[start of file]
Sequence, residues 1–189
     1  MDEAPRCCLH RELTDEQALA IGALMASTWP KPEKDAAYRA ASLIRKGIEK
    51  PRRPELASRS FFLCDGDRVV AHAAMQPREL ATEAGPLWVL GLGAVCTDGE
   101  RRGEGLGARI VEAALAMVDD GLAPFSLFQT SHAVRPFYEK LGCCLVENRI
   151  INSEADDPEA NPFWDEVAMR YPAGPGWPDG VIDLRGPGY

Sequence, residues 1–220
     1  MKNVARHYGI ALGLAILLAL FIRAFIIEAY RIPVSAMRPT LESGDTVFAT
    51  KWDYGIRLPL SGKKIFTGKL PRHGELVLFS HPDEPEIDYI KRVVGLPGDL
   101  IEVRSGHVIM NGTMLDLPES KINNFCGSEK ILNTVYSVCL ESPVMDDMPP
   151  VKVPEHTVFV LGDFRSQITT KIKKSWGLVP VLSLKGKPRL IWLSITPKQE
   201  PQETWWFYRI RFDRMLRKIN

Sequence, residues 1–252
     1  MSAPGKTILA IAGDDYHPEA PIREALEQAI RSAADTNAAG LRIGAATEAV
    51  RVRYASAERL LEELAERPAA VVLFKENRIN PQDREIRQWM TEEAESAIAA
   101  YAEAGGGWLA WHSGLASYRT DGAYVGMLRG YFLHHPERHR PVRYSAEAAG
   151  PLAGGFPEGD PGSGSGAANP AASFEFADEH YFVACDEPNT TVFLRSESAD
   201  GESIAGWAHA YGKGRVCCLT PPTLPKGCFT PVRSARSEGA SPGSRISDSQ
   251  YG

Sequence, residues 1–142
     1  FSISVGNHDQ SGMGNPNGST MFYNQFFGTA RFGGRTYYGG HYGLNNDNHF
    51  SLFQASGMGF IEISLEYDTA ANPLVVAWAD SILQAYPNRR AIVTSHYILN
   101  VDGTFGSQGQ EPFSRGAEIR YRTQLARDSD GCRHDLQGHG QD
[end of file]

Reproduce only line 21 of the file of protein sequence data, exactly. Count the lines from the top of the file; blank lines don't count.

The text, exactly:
    51  SLFQASGMGF IEISLEYDTA ANPLVVAWAD SILQAYPNRR AIVTSHYILN